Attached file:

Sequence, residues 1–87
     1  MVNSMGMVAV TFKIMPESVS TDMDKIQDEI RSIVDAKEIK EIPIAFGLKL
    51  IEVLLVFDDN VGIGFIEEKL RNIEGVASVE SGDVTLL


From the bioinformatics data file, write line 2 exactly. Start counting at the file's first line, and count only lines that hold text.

     1  MVNSMGMVAV TFKIMPESVS TDMDKIQDEI RSIVDAKEIK EIPIAFGLKL